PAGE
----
Prior to the execution of this Agreement, some or all of the Parties and Counsel, after agreeing that there was a commonality of interest among them relating to Plaintiff’s Claims and that their communications would be privileged, may have shared information and materials with one another that would be governed by this Agreement. The Parties agree and acknowledge that such Information is subject to (a) the same legal privileges and protections as though it had been shared after the execution of this Agreement and (b) all terms and conditions of this Agreement.

Importantly, even the joint defense agreement itself is protected from disclosure as work product under the common interest privilege. See Generac Power Systems Inc. v. Kohler Co., 2:11-CV-1120, at *2 (E.D. Wis. Nov. 8, 2012). Such agreements typically provide that they remain privileged even after the litigation is resolved, and parties leaving the joint defense arrangement (by virtue or settlement or other resolution of the plaintiff’s claims against them) have an obligation to maintain the secrecy of the information (including the agreement itself) shared during the term of the agreement. Moreover, these agreements typically provide that once a party believes its interests are no longer aligned with the group (because it has settled its claims, for example), it must promptly withdraw from the group so that its presence does not destroy the protections afforded by the common interest doctrine.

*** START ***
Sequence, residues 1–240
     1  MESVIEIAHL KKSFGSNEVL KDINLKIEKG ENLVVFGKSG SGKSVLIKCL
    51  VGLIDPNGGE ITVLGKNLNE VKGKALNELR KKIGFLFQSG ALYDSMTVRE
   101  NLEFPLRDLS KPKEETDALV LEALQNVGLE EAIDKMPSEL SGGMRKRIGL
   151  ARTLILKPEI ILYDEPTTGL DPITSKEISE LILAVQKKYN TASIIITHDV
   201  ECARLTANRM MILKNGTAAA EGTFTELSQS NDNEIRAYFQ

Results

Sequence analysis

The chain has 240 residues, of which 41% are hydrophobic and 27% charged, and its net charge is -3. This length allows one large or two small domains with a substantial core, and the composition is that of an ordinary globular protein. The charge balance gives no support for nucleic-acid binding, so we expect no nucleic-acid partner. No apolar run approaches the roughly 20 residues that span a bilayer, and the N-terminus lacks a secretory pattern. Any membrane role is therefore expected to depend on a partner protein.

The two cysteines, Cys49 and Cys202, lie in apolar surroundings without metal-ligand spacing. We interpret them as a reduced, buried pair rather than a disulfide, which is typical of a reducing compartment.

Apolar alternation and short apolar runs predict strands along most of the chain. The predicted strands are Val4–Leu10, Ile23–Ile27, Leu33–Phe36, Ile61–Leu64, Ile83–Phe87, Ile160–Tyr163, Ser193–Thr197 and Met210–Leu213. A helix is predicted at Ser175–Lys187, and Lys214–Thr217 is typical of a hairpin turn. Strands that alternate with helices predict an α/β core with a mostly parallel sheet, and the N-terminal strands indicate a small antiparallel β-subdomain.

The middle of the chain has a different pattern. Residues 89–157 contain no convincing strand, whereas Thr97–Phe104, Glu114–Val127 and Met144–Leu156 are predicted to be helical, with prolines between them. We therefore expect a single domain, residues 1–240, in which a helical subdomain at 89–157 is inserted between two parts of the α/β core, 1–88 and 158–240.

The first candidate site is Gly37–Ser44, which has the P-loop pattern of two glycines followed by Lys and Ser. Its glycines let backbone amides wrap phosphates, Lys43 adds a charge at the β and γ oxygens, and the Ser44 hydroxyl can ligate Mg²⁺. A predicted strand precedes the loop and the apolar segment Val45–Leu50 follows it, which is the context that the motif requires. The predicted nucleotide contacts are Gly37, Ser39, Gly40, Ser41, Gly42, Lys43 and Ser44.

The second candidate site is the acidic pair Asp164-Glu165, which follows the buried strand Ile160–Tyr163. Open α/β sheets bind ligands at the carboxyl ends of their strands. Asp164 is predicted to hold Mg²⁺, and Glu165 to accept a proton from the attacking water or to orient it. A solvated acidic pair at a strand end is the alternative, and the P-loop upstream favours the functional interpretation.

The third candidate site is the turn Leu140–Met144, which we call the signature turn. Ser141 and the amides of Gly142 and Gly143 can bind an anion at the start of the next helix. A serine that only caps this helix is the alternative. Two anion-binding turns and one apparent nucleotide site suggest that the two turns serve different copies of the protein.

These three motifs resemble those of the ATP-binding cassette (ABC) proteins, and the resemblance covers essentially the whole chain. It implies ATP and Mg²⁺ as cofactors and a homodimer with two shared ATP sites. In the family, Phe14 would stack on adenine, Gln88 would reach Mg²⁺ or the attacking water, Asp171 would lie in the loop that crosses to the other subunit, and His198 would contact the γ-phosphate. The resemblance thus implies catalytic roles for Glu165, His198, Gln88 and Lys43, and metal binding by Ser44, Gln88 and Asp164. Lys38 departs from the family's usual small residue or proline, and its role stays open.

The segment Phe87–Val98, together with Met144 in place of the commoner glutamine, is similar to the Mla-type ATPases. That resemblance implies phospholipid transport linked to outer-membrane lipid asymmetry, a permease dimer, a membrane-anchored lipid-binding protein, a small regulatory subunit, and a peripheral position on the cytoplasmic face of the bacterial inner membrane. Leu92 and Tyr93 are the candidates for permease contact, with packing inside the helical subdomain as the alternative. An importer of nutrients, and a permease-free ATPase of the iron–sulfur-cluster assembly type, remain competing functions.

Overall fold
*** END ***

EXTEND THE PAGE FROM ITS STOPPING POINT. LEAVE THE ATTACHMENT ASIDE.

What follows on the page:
Dealing with Competitors

Often, a joint defense group is comprised of companies in the same or similar industry, all of whom are being accused of similar, if not identical, conduct. As a result, competitors often find themselves aligned with each other for purposes of opposing a plaintiff’s action. Joint defense agreements and protective orders need to address this reality and at times carve out certain competitively sensitive information from general dissemination to all parties in a case.